The vote is in and by a decisive margin (52% v 48%, 17.4m v 16.1m) the UK has decided to leave the EU.
Both the margin of victory and the high turnout of 72% make an implementation of this decision a certainty.
For financial markets this decision raises more questions than it answers, adding a significant element of risk to the UK and also to our neighbours at a time when global growth is fragile.
Aside from an unquantifiable hit to UK growth as businesses re-assess their capital expenditure plans, the UK is now in political limbo. The Prime Minister has indicated he will step down ahead of the Conservative party conference in October, leaving his successor to trigger “Article 50” – the beginning of the untried two year leaving process. Adding to the confusion, the Scottish Nationalists have already given a strong indication that the result opens the door to another Scottish referendum on the basis that Scotland voted overwhelmingly to Remain.
Investors are now in uncharted waters but we must attempt some assessment of the potential damage: The consensus of the economic impact varies by region. For the UK there is expected to be an immediate cessation of growth as business investment dries up – at least for the balance of the year. This may be compounded by an Austerity budget, if the run on the pound is accompanied by falling Gilt prices (happily not the case as we write this). Next year is hard to call, but a 1% hit to growth is a conservative estimate. In Europe, the extent of the growth hit will depend upon the hit to fragile confidence and the efficacy of the ECBs efforts to supply liquidity as needed. America will also be vulnerable to a shudder in confidence, but this is expected to pass quickly as local politics will dominate the headlines and emotions. It does however provide an excuse for the Federal Reserve to hold-off interest rate increases for the rest of the year. Emerging Markets are a hard call, with a sharp rally in the Dollar presenting the major risk to their nascent recoveries. It is reassuring that the Yuan/$ rate is only off 0.5% – since this presents some “firebreak” to a stronger Dollar.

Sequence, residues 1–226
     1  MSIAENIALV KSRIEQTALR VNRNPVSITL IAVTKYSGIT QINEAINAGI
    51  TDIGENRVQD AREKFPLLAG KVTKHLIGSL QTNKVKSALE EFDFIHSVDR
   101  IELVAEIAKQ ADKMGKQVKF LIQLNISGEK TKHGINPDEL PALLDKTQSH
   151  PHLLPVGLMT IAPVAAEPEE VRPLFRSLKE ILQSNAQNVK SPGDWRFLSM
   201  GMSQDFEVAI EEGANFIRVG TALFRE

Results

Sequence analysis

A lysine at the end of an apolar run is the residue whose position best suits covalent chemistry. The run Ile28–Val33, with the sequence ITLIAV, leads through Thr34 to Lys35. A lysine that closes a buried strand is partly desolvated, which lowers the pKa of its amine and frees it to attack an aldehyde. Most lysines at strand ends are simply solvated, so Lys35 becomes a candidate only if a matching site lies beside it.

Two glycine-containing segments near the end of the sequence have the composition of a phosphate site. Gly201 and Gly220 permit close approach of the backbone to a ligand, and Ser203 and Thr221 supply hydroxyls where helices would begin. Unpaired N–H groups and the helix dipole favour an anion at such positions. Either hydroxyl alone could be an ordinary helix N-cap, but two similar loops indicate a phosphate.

Looking at Equities in local currency terms the UK is down by around 5% at the open, but other similar moves in overseas stock markets have been moderated for UK investors by the sharp fall in sterling, so that Far Eastern and American shares may even show gains when translated into pounds.
What Happens Now?
We have already seen statements from key central bankers in Japan & Europe & Mark Carney in the UK that they have adequate measures to support markets in place. This should allay any immediate fears of contagion from financial markets into the banking system. The fears of political contagion will be less easy to address, but nevertheless, expect a round of high level meetings and political pronouncements from European leaders underlining their commitment and conviction in the European Project. The measure of their combined success in convincing investors that this is a shock that can be absorbed quickly will be seen over the coming days & weeks. We are watching currencies, bond yields and peripheral spreads more closely than shares for clues.
This review has been issued by Investec Click & Invest Limited based on information from the Research Team of Investec Wealth & Investment Limited on the basis of publicly available information, internally developed opinions and other sources believed to be reliable. All views and recommendations expressed are based entirely on such data. Our material is regarded as non-independent research and a marketing communication which means that it has not been prepared in accordance with legal requirements designed to promote the independence of investment research and is not subject to any prohibition on dealing ahead of the dissemination of investment research.